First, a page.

In God We Trust

Pictured, from left, are Sherry Gulledge, Cindy Holcomb, DeKalb County Schools Superintendent Jason Barnett and Celeste Ragan.

"In God We Trust,” the national motto of the United States, is making its way back into the schools and DeKalb County Schools Superintendent Jason Barnett became the first person Tuesday to receive a poster of the motto.

“In God We Trust officially became the national motto of the United States of America in 1956 when the U.S. Congress passed it and President Dwight D. Eisenhower signed it into law.

President of Republican Women of DeKalb County Cindy Holcomb said the Republican Women of DeKalb County were in Montgomery when Alabama Gov. Kay Ivey signed into law the permit to use the national motto by government agencies and offices.

The law states that the motto is permitted to be in and on government buildings, including government office buildings, public school classrooms, and on vehicles.

The law also says that the governing body of any political subdivision of the state or any state agency may display the national motto in and on public buildings and public vehicles, including but not limited to any of the following: school classrooms, courthouses, libraries, office buildings, law enforcement or service vehicle.

Holcomb said when the Republican Women of DeKalb County learned about the law, they immediately wanted to bring it back to DeKalb County.

Holcomb and Barnett met at the DeKalb County Schools Central Office for the official presentation of the first motto Tuesday.

Both Holcomb and Barnett said there was not a political agenda behind the motto that it was simply a way of recognizing the nation’s history.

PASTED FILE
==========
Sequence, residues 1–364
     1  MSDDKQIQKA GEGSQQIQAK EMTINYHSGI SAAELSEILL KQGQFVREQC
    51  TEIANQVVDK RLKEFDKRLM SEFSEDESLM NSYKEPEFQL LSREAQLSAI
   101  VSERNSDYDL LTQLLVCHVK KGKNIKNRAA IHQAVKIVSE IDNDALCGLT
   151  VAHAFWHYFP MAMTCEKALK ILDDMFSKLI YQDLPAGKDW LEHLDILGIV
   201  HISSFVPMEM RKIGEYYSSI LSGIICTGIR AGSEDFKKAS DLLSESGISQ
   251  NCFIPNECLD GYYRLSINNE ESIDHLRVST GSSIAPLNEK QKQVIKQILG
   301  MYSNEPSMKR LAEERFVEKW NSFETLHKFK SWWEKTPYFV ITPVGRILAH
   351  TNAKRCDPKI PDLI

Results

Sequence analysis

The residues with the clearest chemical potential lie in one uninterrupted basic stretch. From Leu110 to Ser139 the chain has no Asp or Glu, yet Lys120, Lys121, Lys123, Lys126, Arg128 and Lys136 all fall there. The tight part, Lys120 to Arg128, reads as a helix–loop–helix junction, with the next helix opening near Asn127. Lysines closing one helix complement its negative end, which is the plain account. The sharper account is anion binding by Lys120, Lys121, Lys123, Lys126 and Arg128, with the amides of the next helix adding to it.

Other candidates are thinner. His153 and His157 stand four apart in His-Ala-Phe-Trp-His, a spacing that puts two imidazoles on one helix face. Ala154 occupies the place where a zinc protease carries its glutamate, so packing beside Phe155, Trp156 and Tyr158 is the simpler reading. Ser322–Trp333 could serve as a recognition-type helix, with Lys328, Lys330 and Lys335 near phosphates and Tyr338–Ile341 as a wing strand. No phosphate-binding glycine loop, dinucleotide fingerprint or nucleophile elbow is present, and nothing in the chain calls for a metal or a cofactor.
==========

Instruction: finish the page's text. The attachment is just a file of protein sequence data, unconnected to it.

“We stumbled up on it in Montgomery and we just happened to be the vehicle that latched on to it and we brought it back to DeKalb County,” Holcomb said. “It is nothing to do with the Republican Women. It is all about the national motto and the history of the national motto and getting it back into the schools.”

Barnett said he also wants to public to know that displaying the nation’s motto has nothing to do with politics.

“I believe that this is a powerful thing,” Barnett said. “When you do something like this, you run the risk of people saying that it’s a political thing and I don’t want that. That is not what this is.

“It’s not about politics; it’s about doing something that we believe is a good thing for our communities and for our people. It’s not for a show and it’s not about publicity.”

Barnett and Holcomb both reiterated that the displaying of the motto is optional.

“Nobody is forced to do anything they don’t want to do,” Holcomb said. “Everyone probably won’t accept it and that’s OK. It’s their choice.”

“It is certainly optional,” Barnett said. “If a person chooses or elects to do so then that is fine,” he said.

Cindy also said a copy of the law comes with each framed motto in case anyone is questioned or challenged about displaying the motto.

The free, framed mottoes will be available at the DeKalb County Schools in-service day Aug. 1 at the central office for teachers who are returning to their classrooms for the new school year.

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